Sean Sprague is an internationally recognized Canadian visual artist that works with the photographic medium. Sprague’s practice is keenly interested in the cusp that photography occupies between the real and the fabricated. His work has been exhibited throughout North America, recognized by the Canada Council for the Arts, and featured in many publications including The New Yorker and Time.
Sprague began working with the tableau form to push against the ephemerality of images we encounter online. Treating the photograph as autonomous work pushes against conventional notions that the medium requires the multiple to shape meaning – that somehow an individual painting or a sculpture is enough, yet photography requires more. His practice found a paradoxical response by creating singular works that utilize a multitude of images. Beginning in 2013, he started photographing scenes in thousands of close-up pieces. These materials are selected, edited, and meticulously combined to digitally construct each work. There is no original image. This process embodies the view that a photograph is never unadulterated.
Sprague studied at the Ontario College of Art & Design in Toronto and received his MFA from the University of California Los Angeles.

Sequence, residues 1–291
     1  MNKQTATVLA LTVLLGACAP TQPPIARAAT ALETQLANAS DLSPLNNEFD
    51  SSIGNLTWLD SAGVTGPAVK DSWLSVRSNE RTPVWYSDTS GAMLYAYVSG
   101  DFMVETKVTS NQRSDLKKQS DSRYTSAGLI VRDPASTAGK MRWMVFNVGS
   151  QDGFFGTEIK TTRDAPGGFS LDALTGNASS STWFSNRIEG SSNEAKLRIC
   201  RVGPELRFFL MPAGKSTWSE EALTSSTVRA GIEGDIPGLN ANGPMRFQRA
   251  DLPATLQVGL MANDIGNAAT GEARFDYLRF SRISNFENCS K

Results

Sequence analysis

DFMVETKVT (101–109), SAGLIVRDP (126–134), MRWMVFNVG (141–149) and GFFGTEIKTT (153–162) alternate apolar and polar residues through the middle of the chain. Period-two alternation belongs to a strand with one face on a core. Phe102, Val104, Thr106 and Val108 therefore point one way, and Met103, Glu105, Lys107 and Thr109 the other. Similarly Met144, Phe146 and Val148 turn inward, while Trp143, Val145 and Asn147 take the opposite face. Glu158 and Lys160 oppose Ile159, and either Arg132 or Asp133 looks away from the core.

The “everyday” now entails confronting anxieties and jealousies produced from social media, message boards of abuse and discrimination, the further aestheticization of politics, and a relentless digital image-world. To record such things can seem impossible and inadequate. These works were produced by casting and directing actors to perform “documentary” scenes. Intentionally including ambiguities and multiple narratives, these works point to the multiple truths that can occupy the same space at once. Mixing constructed and found elements of each within a single picture, these works seek to question how we define the real and how the photographic medium can be a unique site for that redefinition.
To view more of Sean Sprague’s work please visit their website.